Monday, November 11, 2013

NY Times Exec Editor Jill Abramson Schooled on JFK History

It was delightful to read the New York Times Book Section yesterday to see Executive Editor Jill Abramson schooled by none other than Prof. John K. Galbraith on history to do with JFK's intention to pull all personnel out of Vietnam. Whether Abramson is another asset deployed by the CIA, is open to debate. But according to CIA document 1035-960 - in one highlighted paragraph- a primary objective is:

"To employ propaganda assets to [negate] and refute the attacks of the critics.  Book reviews and feature articles are particularly appropriate for this purpose".

Is Ms. Abramson a dupe (like former NY Times reporter Philip Shenon) or a dope? We can't be sure but she did write in her Oct. 27  book review piece:

"The belief that he (Kennedy) would have limited the American presence in Vietnam is rooted as much in the romance of 'what might have been' as in the documented record.'

Actually, if Abramson was capable of half as much (FOIA) search capability (in the documented records) as she is spouting malarkey she'd never have made such an idiotic statement. But maybe she and Shenon are hitched at the hip as assets to deflect attention, see e.g.

Or, she's just ignorant. Perhaps willingly so. Otherwise Prof. Galbraith wouldn't have had to write (p. 6, Letters, Book Section):

"The record shows that on Oct. 2 and 5, 1963, John F. Kennedy issued a formal decision to withdraw American forces from Vietnam. I documented this 10 years ago in Boston Review and Salon, and in 2007 in the New York Times Review of Books.  The relevant documents include records of the Secretary of Defense conference in Honolulu in May, 1963; tapes and transcripts of the decision meetings in the White House; and a memorandum from Gen. Maxwell Taylor to the Joint Chiefs of Staff, Oct. 4, 1963, which states:

All planning will be directed toward preparing RVN forces for the withdrawal of all U.S. Special Assistance units and personnel by the end of calendar year 1965.'

If Abramson is writing in the putative premier newspaper in the U.S. why couldn't she get the documents before spouting abject nonsense? Hell, she didn't even have to dig them up herself, merely research a bit (her own newspaper's archives) and get hold of Prof. Galbraith's NY Times Book Section piece from 2007. Is she that incompetent? Or is she a part of an ongoing "Operation Mockingbird" operation - the residue of the CIA's stamp on dozens of American newspapers dating from the 1960s?  To see a Youtube video on 'Mockingbird', with open admissions,  go to:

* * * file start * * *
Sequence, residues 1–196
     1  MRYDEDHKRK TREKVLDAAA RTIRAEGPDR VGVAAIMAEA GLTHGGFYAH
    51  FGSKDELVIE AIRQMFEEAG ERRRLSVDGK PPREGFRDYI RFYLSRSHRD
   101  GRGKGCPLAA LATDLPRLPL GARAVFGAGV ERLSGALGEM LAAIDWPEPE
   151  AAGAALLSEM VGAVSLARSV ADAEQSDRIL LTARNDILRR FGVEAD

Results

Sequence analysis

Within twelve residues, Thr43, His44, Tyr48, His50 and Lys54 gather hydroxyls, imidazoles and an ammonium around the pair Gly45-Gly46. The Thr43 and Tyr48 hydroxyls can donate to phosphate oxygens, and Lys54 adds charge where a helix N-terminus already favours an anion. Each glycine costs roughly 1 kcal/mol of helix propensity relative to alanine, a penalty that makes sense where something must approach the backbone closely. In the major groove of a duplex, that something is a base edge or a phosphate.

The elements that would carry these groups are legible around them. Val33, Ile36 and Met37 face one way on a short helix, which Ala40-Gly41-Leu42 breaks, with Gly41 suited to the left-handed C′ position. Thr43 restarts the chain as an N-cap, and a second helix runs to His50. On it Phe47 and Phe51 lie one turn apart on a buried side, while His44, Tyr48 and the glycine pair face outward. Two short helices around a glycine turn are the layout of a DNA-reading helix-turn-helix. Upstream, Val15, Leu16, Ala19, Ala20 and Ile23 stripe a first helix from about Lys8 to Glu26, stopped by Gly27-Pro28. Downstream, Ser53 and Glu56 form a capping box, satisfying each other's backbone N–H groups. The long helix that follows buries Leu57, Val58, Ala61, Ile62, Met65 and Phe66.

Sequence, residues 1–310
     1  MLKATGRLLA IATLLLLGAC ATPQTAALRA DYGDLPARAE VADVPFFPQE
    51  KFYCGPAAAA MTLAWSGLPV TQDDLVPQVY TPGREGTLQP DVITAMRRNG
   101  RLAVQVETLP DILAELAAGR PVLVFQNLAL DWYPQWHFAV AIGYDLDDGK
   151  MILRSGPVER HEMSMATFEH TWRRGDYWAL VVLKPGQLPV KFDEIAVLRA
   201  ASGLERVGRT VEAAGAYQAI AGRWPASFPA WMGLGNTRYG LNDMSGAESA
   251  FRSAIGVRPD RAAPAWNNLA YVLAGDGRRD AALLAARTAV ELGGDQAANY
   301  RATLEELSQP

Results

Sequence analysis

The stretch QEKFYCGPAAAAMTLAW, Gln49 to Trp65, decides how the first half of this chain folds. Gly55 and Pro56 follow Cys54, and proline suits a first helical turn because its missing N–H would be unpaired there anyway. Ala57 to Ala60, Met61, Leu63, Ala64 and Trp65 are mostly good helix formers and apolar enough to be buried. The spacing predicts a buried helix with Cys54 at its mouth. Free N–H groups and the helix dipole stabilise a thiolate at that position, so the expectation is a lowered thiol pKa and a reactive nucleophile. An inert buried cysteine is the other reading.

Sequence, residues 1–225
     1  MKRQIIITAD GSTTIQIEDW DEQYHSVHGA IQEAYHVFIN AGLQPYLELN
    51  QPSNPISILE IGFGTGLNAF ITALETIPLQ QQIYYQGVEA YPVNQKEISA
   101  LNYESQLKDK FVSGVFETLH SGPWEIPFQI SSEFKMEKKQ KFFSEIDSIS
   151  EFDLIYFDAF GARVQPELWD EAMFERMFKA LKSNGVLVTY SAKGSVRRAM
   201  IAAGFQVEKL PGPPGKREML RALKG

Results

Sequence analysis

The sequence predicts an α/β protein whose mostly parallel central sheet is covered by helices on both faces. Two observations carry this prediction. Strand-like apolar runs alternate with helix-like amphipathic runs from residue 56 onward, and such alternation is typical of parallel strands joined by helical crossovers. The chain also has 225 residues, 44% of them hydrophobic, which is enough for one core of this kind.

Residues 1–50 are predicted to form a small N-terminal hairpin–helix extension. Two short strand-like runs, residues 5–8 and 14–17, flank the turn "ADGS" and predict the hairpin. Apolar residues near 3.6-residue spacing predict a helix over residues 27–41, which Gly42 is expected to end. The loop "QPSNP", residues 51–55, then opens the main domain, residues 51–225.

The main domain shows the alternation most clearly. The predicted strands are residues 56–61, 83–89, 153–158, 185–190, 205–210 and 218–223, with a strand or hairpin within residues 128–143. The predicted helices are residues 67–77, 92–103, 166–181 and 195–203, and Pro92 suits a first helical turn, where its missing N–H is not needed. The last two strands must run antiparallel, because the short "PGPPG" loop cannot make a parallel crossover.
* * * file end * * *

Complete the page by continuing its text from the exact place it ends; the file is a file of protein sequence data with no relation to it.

Also, see: Kathryn Olmstead:  Challenging the Secret Government: The Post-Watergate Investigations of the CIA and FBI, Univ. of North Carolina Press,.

David Talbot, in his article  The New York Times is Still Lying to Us, observes:

"We’ll never know, we’ll never know, we’ll never know. That’s the mocking-bird media refrain this season as we commemorate the 50th anniversary of America’s greatest mystery – the assassination of President John F. Kennedy. New York Times executive editor Jill Abramson hijacked a large chunk of her paper’s Sunday Book Review to ponder the Kennedy mystery. And after deliberating for page after page on the subject, she could only conclude that there was some “kind of void” at the center of the Kennedy story. "

Actually, there's no "void" at all other than to working CIA assets, ignorant dopes or disinformationist pawns whose intent is to keep Americans from exploring a critical juncture in their history - when the national security and war state likely assumed control of the nation, turning all future presidents into complicit puppets.

For more on this get hold of Peter Dale Scott's book, The War Conspiracy: JFK, 9/11 and the Deep Politics of War.  which discloses the parallels between Kennedy's murder and 9/11. (Note: this book is not for mental lightweights!)

Also see this video featuring Prof. Scott:

On this Veterans Day, the most significant action an American citizen can take is to learn about our history, our real history - our hidden history, not the bunkum on offer from most of the media. By doing so we also can ensure no future unnecessary loss of lives arising from security state and  warmongers' manipulations. Until we do the heavy mental lifting and exercise our wills, apart from being infantile "consumers", we will remain hostage to the military industrial complex and see more and more lives lost on account of foolish military adventures- entered into without sufficient serious forethought.

We ought to also be wary of hyper-military propaganda - such as the soldiers are "protecting our freedoms". NO, they are not! Nothing they are doing whether in the Afghanstan theater or Iraq, is "protecting" my freedom. As Justin Doolitle puts it in today's ('Stop thanking the troops for me: No, they don’t “protect our freedoms!”)

The combination of unanimous, entirely uncritical appreciation for the military, and the irrational belief that we owe gratitude to the troops for virtually everything we cherish in life, up to and including freedom itself, is very dangerous for our intellectual culture. It stifles any potential for rational, coherent discussion on these matters. It makes us, free citizens of a constitutional society, meek and excessively obeisant.

Doolittle adds that: The corollary to the claim that our freedom exists only at the pleasure of the military, of course, is that the same military can revoke said freedom if it so desires.

Irrespective of our political afffiliation, that's something we all ought to bear in mind - before we next sacrifice our critical thinking to the absurd mantra that the "troops are protecting our freedoms".

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